27. In spite of all these, no cause of deflection from steadiness was seen in Śiva who did not evince any sentimental feeling, not even anger towards me.
28 On seeing these and realising His ideal conception I am averse to any further attempt at deluding Śiva. This is my firm opinion that I tell you.
29. When he finally eschews Samādhi we cannot even stand in His presence, within sight. Who can think of charming Him?
30. O Brahmā, who can stand facing Him with eyes blazing like fire and as fearful as flocks of large alligators or a horned animal.
31. On hearing these words of Kāma I, the four-faced lord, though desirous of saying something did not say anything and was agitated with anxious thoughts.
32. On hearing the words of Kāma—“I am incompetent to enchant Śiva”,O sage, I heaved a deep sigh due to extreme sorrow.
33. The gusts of wind generated by my deep sighs were of various forms and very violent. They were tremulous and terrible and appeared to have shaking tongues (of flames).
34. They played on different musical instruments, drums etc. of terrible nature and of loud sound.
35. The groups of beings issuing forth from my deep breaths stood in front of me, Brahmā shouting “Kill!—Cut!”
36. While they were shouting “Kill—Cut”, Kāma heard those words and began to speak to me.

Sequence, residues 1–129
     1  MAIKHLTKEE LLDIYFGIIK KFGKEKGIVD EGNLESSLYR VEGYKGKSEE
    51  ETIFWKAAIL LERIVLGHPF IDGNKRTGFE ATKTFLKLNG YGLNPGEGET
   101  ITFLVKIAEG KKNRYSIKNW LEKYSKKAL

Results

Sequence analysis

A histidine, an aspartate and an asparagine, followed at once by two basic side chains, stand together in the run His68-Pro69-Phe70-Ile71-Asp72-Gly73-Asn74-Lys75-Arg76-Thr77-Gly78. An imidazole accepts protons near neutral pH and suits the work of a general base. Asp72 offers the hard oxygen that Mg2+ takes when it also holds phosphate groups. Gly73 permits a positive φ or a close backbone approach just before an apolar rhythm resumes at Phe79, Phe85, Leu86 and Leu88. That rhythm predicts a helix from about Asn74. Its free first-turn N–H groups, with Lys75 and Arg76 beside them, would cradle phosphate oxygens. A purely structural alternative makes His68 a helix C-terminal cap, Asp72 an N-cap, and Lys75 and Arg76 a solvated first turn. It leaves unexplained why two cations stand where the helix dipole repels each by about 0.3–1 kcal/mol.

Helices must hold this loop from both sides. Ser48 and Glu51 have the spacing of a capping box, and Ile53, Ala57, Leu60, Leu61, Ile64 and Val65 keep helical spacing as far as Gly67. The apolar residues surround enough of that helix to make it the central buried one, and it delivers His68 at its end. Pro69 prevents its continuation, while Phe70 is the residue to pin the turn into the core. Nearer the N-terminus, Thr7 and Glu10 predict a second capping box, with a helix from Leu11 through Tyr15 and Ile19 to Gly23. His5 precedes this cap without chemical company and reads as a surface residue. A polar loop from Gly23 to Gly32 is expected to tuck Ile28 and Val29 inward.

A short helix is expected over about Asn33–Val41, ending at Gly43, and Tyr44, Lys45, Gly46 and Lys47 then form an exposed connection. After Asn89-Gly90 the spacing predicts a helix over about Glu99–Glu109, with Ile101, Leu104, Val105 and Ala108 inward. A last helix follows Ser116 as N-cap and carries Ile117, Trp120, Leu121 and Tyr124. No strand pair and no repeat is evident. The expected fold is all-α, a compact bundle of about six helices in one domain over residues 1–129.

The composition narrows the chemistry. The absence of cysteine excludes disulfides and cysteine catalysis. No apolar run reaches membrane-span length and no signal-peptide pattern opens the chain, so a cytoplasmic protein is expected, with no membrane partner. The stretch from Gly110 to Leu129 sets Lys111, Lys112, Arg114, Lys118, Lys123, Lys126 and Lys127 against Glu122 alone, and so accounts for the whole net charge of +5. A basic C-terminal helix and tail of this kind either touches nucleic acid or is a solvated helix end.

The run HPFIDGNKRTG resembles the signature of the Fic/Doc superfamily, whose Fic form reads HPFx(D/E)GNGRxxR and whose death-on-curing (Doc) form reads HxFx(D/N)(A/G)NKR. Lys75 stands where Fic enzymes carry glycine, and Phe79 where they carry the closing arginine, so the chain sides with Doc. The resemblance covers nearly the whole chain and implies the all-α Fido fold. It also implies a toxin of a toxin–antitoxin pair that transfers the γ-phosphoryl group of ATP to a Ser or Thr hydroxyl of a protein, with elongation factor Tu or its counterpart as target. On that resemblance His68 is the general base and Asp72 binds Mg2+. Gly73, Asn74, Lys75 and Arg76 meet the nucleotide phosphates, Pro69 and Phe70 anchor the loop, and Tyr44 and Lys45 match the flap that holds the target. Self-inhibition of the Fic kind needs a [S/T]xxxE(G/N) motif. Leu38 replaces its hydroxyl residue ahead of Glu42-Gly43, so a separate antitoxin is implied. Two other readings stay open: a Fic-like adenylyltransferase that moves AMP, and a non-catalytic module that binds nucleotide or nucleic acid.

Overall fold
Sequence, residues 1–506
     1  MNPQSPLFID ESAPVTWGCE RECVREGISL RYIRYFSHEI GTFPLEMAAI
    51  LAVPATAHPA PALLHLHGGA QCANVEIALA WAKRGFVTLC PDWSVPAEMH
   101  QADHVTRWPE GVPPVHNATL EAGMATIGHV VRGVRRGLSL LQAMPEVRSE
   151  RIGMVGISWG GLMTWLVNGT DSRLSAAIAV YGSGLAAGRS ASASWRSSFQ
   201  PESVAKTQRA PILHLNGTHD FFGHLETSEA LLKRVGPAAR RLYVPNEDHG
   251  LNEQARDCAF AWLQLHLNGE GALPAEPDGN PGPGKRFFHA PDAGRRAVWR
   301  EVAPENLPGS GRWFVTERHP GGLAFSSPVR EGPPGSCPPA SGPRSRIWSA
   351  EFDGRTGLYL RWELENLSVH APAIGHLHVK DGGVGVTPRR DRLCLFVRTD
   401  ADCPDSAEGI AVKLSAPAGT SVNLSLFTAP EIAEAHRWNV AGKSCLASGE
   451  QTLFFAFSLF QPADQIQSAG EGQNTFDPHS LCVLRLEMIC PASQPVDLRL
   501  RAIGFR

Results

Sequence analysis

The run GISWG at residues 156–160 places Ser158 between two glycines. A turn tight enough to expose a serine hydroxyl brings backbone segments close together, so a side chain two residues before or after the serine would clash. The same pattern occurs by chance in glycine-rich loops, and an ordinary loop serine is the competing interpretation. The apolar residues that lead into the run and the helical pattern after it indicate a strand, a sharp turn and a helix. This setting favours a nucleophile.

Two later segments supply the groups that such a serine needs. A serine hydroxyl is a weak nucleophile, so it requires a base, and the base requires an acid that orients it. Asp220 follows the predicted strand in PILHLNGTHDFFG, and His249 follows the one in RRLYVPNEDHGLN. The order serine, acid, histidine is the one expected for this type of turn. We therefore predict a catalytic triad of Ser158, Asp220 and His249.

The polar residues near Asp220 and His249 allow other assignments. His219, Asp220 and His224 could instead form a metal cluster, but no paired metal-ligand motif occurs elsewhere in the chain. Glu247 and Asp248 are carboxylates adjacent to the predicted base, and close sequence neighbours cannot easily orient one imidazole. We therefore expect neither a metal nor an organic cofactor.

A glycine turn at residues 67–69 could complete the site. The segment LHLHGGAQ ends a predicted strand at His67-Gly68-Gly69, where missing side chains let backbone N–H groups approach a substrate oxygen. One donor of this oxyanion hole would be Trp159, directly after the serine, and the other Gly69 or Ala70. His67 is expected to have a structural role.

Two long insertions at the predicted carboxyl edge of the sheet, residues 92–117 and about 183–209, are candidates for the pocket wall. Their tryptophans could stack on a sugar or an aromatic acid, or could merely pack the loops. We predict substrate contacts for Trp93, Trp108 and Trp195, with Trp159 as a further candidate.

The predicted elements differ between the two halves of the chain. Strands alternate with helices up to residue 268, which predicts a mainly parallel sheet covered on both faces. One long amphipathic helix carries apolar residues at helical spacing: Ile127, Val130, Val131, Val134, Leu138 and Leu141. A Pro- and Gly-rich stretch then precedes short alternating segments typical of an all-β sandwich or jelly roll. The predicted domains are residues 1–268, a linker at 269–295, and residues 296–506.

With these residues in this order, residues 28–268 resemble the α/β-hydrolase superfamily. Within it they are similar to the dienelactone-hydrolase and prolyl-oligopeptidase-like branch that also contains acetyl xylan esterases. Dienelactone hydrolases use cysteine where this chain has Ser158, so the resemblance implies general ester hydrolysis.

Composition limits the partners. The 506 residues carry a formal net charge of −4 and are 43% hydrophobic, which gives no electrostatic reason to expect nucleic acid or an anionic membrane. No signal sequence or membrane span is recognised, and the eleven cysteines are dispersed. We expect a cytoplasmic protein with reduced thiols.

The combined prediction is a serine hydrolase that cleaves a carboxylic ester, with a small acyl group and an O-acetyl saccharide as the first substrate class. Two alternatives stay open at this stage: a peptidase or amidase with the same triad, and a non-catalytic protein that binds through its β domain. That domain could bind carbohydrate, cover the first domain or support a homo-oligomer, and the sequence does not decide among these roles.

37. O Brahminical sage, on seeing the groups of beings Kāma stopped them and on their presence, said.
38. O Brahmā, O lord of subjects, O initiator of all creations, who are these terrible, awful heroes?
39. O Brahmā what is the work that these will be doing? Tell me. where will they be staying? Please employ them there.
40. O lord of Gods, after employing them in their task and assigning them proper names and places, be pleased to assign me my future course of action.
41. O sage, on hearing the words of Kāma, I, the creator of the universe, spoke to him showing him the task of the Gaṇas.
42. Even as they were born they shouted “Māraya” “Kill”, very frequently. Hence let their names be “Māras.”
43. These groups of beings will hinder the activities of all creatures, O Kāma, except Your Worship as they are engaged in various avocations of love.
44. O Kāma, their chief occupation will be to follow you. There is no doubt that they will assist you always.
45. Wherever you go for fulfilling your duty, whenever it be, they will invariably follow you and render assistance.
46. They will create confusion in the minds of those who fall as victims to your weapons. They will hinder wise people in the path of knowledge in all possible ways.
47. O excellent sage, on hearing these words of mine, Kāma along with his mistress Rati and his comrade spring delighted a little.
48. The groups of beings too, after hearing this surrounded me and Kāma and stood in their own shape.